As container capacity tightens, Canadian lumber companies return to breakbulk market for exports to rapidly growing Chinese market; China has 'insatiable' appetite for Canadian lumber, other goods, says Vancouver port VP
May 30, 2011
– As container capacity tightens, Canadian lumber companies are returning to the breakbulk market for shipping their product to the rapidly expanding Chinese market, The Journal of Commerce reported May 27.
Currently, four Canadian lumber companies have chartered an Italian-owned 36,826-deadweight ton breakbulk ship for a minimum of one year.
The lumber market gains have been "massive," according to Rob Fischer, CEO of Loadline Forest Carriers, the management company representing the four lumber companies. Loadline expects to charter a second breakbulk ship, Fischer said, but no timeline was given for when the second breakbulk would be hired.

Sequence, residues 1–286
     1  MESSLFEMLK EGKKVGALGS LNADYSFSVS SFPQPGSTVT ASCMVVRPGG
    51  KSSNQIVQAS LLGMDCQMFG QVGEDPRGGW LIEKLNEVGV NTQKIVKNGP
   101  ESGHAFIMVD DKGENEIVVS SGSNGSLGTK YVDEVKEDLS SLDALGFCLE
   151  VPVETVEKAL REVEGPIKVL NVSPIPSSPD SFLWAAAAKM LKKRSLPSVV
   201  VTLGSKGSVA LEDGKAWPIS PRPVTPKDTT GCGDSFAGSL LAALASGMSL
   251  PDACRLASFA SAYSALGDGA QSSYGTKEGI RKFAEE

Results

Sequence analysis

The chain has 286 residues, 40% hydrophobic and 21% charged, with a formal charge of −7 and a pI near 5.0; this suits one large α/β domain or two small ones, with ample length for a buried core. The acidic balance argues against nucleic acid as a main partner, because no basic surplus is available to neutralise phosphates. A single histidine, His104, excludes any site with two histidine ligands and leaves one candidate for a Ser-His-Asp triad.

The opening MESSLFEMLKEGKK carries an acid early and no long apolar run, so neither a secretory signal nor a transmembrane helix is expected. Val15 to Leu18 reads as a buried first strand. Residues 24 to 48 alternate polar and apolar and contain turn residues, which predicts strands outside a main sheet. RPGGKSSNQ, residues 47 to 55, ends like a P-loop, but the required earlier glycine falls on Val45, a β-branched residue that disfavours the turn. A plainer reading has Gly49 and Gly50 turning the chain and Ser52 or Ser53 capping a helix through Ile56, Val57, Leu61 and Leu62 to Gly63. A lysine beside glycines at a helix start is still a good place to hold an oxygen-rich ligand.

In recent years, the industry had moved away from breakbulk ships to containerships, but is now finding that China’s ever-growing appetite for Canadian lumber and thin capacity in the container market are driving them back to breakbulk.
The growth in container traffic through the Vancouver port has seen an equal increase in imports and exports in the first quarter, rising 8% and 10%, respectively. The balance means tight supply, according to Chris Badger, vice president of operations at Port Metro Vancouver.
China has an "insatiable" appetite for lumber as well as other Canadian goods that include metals, energy, fertilizer and agricultural goods, Badger said.
China has also replaced Japan as Canada’s leading trade partner through the port in Vancouver, Badger added.
The export of lumber through Vancouver, Canada’s largest port, to Asia jumped 32% to 3.33 million tonnes in 2010, The Journal of Commerce noted.
The primary source of this article is The Journal of Commerce, Newark, New Jersey, May 27, 2011.